Dr. XX, a pregnant post-doc, wanted to know if exposure to her 233U spike would constitute a radiological hazard risk to her unborn child. The lab supervisor, Dr. XY, showed Dr. XX the math to determine what the decay rate was. He then pulled out a Geiger counter, put it next to her spike (tick tick tick….) to demonstrate. In order to compare this with the radiological risk from real-life items, he them put the counter next to a cement wall (tictictictictic…) Dr. XY then reminded Dr. XX what the biological effects of ionizing radiation were, and told her that if she chose not to spike her own samples, he or someone else would be happy to do it for her. Dr. XX then made her informed decision.

Note to Dr. XY wannabes. If you are looking for a slightly radioactive everyday item to compare a low level radiohazard to, DO NOT USE the woman’s bump! While it may seem perfectly logical to point out, “Look, your baby’s already way more radioactive than your sample,” in practice this approach is asking for trouble. So unless you want your Geiger counter forcibly inserted into your low photon environment, find something else.

Wednesday, March 21, 2007

Isotope dilution

Sciencewoman has an interesting article enumerating the barriers to people in general, and women in particular, who wish to be professional researchers. There has been some interesting discussion on this issue. I would like to contribute. Unfortunately, before I can do so, I need to explain isotope dilution.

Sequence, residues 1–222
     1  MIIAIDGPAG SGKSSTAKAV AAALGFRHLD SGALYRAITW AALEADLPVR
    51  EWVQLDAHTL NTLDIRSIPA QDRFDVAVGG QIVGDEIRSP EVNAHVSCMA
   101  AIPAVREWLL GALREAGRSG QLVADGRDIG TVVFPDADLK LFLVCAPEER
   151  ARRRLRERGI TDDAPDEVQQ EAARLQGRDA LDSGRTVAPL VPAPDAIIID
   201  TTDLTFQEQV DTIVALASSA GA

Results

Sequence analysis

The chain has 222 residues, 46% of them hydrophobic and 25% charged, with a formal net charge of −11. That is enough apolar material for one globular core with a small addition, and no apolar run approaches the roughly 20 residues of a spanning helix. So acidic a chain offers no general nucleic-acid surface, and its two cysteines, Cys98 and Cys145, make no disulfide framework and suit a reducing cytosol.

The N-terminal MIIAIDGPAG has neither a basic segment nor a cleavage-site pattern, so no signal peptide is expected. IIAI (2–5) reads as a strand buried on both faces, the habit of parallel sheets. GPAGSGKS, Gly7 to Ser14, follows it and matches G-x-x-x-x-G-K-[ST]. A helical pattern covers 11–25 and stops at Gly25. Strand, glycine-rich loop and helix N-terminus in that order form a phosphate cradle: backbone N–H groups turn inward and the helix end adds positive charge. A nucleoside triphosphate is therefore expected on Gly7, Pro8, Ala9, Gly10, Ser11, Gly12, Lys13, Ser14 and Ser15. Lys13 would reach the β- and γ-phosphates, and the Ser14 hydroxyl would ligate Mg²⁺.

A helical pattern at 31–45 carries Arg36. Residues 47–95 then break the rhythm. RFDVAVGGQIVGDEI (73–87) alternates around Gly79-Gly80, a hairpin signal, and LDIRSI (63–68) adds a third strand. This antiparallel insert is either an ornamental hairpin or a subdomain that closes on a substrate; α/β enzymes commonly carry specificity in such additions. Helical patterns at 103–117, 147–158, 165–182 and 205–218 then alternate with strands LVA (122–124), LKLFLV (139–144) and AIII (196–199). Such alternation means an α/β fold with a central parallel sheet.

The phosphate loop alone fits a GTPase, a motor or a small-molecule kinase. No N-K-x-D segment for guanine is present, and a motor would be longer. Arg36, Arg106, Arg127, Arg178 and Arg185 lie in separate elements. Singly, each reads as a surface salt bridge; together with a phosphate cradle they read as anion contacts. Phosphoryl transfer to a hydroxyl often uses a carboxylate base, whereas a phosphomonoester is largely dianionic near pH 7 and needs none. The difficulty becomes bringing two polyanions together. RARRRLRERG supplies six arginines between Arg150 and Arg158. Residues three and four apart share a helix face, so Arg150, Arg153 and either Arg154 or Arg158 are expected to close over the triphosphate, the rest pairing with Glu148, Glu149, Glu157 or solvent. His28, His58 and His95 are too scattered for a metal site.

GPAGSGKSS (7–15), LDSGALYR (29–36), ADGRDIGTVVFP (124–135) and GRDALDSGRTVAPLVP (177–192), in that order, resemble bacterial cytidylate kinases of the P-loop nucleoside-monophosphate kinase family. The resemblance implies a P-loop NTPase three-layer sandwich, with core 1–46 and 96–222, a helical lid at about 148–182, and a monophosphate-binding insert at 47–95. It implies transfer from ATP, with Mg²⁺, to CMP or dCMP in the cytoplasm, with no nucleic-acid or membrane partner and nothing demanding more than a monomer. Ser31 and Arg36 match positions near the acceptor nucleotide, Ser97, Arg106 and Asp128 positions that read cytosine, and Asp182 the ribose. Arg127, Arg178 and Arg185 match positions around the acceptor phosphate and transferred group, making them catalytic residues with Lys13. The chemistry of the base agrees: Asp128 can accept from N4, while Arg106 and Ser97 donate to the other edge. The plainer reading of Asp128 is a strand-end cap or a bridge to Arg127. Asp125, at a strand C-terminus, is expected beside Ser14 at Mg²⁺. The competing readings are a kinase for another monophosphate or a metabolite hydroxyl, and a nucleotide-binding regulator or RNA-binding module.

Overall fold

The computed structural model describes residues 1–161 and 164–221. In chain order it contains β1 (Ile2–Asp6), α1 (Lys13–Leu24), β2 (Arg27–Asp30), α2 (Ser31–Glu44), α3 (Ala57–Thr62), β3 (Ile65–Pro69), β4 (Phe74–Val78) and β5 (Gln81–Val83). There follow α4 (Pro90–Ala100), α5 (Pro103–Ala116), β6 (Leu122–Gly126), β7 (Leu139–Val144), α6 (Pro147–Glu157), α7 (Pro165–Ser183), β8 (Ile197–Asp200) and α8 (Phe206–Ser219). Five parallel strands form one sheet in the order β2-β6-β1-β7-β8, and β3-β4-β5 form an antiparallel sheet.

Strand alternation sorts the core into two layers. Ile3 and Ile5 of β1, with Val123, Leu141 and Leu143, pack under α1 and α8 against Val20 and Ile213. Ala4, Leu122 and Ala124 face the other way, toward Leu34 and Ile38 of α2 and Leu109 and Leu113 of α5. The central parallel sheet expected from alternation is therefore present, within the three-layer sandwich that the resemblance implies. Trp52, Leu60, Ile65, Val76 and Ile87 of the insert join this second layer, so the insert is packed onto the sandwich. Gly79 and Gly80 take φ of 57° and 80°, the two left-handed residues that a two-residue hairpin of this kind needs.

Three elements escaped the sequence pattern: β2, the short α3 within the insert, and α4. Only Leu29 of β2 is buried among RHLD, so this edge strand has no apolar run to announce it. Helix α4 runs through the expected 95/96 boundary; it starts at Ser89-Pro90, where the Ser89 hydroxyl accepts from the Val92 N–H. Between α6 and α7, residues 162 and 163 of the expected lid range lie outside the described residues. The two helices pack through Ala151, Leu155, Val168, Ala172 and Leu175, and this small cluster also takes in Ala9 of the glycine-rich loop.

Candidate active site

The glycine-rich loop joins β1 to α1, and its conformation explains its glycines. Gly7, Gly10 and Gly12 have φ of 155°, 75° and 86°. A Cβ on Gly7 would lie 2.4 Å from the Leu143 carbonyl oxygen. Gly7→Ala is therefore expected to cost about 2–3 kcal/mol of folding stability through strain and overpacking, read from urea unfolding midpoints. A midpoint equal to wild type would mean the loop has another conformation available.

Isotope dilution is a way of getting very accurate concentration numbers from mass spectrometers. One of the problems with mass spectrometry is that you generally don’t know what proportion of the total sample you introduce actually gets to the detector. This depends on a number of different things, including the ionization efficiency and transmission efficiency of the instrument. In general, the relative efficiencies of different elements are not equal and not constant. As a result, tricks must be employed to account for this.

Isotope dilution is one of these tricks. In isotope dilution, you add a known amount of a single isotope of the element you wish to measure to the sample. The isotope you add is called the spike. The action of adding it is called spiking. Since you know how much spike you added (this is measured very carefully), the ratio of spike sampled to spike detected gives the detection efficiency of the instrument, and the ratio of spike to natural isotope gives the concentration of that isotope.